File spoon-archives/lyotard.archive/lyotard_2001/lyotard.0110, message 115

Date: Wed, 24 Oct 2001 19:59:07 +0100
Subject: Re: Terrorism

Eric and co,

A brief reply to the ethics comments.

Currently at least the ethical positions that seem most able to deal 
with the terror and destruction most adequately are those that simply do 
not attempt to construct a psuedo-universal ethics. Rather to quote 
Badiou 'Ethics does not exist. There is only the ethic of (politics, 
art....)' etc.  Whilst he is stretching his case somewhat I think he has 
a point given the unsatisfactory nature of the alternatives. (For 
example Levinas and even utilitarianism (from Bentham to Singer) which 
also functions from a universal principle also runs into trouble over 
this, though the Benthamite principle of 'can they suffer' is more 
acceptable. Perhaps we should explore these positions more....)

With regard to the Frankl piece - both Primo Levi and Bettelheim 
rejected that position - i don't particularly want to rehearse the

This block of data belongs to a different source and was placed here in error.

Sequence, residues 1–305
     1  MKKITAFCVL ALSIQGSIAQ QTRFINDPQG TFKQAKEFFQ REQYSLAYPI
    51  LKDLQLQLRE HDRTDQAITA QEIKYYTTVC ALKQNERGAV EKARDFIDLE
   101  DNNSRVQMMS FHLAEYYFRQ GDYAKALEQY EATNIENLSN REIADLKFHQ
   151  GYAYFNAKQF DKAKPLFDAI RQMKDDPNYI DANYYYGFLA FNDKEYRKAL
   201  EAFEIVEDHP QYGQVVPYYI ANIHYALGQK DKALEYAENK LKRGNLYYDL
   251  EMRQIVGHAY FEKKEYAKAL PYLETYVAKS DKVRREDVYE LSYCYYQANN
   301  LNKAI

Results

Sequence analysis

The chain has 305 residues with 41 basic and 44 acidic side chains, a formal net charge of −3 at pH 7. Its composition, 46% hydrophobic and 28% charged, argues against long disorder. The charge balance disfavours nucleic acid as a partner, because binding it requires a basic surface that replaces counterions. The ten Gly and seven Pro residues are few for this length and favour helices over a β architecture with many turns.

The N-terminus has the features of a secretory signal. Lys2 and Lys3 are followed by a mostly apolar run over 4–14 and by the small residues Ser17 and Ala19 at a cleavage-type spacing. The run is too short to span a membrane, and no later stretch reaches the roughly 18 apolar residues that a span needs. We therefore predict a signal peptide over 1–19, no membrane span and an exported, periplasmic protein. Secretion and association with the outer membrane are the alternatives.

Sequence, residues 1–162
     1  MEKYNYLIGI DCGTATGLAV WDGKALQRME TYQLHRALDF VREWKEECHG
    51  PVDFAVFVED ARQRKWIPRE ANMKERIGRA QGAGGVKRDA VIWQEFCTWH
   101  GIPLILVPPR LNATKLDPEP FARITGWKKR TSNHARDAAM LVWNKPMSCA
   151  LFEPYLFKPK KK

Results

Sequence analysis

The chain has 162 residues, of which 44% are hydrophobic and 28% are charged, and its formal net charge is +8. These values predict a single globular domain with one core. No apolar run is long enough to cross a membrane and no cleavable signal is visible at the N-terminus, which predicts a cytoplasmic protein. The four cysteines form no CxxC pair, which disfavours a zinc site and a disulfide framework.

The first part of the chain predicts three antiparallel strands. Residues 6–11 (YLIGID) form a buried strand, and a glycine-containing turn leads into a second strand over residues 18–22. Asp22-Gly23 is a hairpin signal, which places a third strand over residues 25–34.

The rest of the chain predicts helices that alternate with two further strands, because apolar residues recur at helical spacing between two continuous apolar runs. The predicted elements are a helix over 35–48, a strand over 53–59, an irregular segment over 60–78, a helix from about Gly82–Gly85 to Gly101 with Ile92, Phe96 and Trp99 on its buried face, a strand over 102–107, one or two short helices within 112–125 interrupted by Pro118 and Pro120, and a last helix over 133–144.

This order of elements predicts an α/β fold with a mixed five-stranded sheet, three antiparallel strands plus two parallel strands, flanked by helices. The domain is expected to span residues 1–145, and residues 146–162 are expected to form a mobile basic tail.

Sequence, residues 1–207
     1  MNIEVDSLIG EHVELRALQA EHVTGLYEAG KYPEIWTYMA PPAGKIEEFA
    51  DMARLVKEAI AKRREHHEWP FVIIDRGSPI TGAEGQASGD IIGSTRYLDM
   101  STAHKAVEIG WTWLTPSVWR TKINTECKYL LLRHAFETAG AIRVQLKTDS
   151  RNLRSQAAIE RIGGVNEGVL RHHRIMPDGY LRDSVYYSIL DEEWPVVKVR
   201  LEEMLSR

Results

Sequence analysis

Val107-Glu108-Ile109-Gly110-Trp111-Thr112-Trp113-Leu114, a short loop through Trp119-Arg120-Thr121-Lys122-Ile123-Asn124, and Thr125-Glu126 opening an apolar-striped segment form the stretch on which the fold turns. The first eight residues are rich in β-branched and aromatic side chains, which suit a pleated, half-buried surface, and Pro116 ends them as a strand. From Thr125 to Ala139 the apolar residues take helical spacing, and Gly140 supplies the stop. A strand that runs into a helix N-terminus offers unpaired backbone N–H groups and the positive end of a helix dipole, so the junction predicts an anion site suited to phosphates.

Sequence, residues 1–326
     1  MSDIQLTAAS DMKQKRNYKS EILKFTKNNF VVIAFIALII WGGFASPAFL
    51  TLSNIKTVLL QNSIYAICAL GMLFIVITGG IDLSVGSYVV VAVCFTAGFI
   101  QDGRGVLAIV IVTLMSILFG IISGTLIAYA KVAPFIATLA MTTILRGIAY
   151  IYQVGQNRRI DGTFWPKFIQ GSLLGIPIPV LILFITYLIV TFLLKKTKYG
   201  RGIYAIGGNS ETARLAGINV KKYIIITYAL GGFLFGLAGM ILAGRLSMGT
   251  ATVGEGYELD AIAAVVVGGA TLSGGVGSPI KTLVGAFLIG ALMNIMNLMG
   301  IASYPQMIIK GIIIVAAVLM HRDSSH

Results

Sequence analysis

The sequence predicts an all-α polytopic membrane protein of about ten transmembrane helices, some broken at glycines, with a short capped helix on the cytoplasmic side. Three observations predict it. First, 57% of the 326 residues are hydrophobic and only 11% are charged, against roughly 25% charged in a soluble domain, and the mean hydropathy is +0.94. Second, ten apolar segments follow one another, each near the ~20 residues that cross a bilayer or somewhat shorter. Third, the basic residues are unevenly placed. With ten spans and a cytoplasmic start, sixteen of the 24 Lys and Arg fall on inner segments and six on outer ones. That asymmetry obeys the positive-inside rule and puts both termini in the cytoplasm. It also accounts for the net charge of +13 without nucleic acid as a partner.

argument but the key point is their refusal to accept that the 
reduction  of people to the inhuman state of muselmann, donkey, the 
living dead had anything to do with intellectuality, ethics or anything 
else... The guilt and shame at surviving is one of the results of the 
fascist experiment, which has been often repeated and with numerous 
colonial precursors, to transform the human into the non-human. The 
problem with Frankl (as with Des Pres who takes a similar position) is 
that he refuses to look into the eyes of the human transformed into the 
non-human, the inhuman....The death-camp survivor's guilt is the central 
core of the literature that defined and witnessed the camps - from  Levi 
and Bettelheim to Semprun.

I think Bettelheim said it all 'It will be strtling news to the 
survivors that they are strong enough, mature enough, awake enough "to 
embrace life without reserve" since only a pitiful small number of those 
who entered the German camps survived. What about the millons who 
perished?....only the ability to feel guilty makes us human, 
particularly if, objectively seen, one is not guilty'.

Those who survive the bombing and invasion of Afghanistan in the 
interests of globalisation will be represented in hollywood as the 
Vietnamese were represented in 'The Deer Hunter' as nasty savage 
subhuman brutes... Hiding in the process that it is globalisation which 
desires the inhuman.

It is the same inhuman that Lyotard believed was going to be the result 
of the society he referred to as 'development' ...



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